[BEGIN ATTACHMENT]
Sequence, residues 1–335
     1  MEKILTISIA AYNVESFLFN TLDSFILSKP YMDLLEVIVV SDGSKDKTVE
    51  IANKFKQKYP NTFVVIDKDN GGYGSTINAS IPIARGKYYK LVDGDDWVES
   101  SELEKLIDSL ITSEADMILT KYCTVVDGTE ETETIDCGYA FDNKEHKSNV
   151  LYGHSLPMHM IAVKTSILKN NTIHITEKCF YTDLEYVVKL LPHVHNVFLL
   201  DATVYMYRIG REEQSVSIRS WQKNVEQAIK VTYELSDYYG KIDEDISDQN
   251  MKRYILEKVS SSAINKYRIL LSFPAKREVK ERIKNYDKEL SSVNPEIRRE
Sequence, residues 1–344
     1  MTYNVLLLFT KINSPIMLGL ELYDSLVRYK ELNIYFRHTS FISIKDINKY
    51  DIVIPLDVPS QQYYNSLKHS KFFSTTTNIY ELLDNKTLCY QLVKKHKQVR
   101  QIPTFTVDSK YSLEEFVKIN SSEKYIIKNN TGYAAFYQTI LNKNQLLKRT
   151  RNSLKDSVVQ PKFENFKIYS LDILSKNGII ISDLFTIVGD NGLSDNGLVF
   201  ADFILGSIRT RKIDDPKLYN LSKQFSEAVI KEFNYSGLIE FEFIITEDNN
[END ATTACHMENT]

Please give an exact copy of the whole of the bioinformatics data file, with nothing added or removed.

Sequence, residues 1–335
     1  MEKILTISIA AYNVESFLFN TLDSFILSKP YMDLLEVIVV SDGSKDKTVE
    51  IANKFKQKYP NTFVVIDKDN GGYGSTINAS IPIARGKYYK LVDGDDWVES
   101  SELEKLIDSL ITSEADMILT KYCTVVDGTE ETETIDCGYA FDNKEHKSNV
   151  LYGHSLPMHM IAVKTSILKN NTIHITEKCF YTDLEYVVKL LPHVHNVFLL
   201  DATVYMYRIG REEQSVSIRS WQKNVEQAIK VTYELSDYYG KIDEDISDQN
   251  MKRYILEKVS SSAINKYRIL LSFPAKREVK ERIKNYDKEL SSVNPEIRRE
Sequence, residues 1–344
     1  MTYNVLLLFT KINSPIMLGL ELYDSLVRYK ELNIYFRHTS FISIKDINKY
    51  DIVIPLDVPS QQYYNSLKHS KFFSTTTNIY ELLDNKTLCY QLVKKHKQVR
   101  QIPTFTVDSK YSLEEFVKIN SSEKYIIKNN TGYAAFYQTI LNKNQLLKRT
   151  RNSLKDSVVQ PKFENFKIYS LDILSKNGII ISDLFTIVGD NGLSDNGLVF
   201  ADFILGSIRT RKIDDPKLYN LSKQFSEAVI KEFNYSGLIE FEFIITEDNN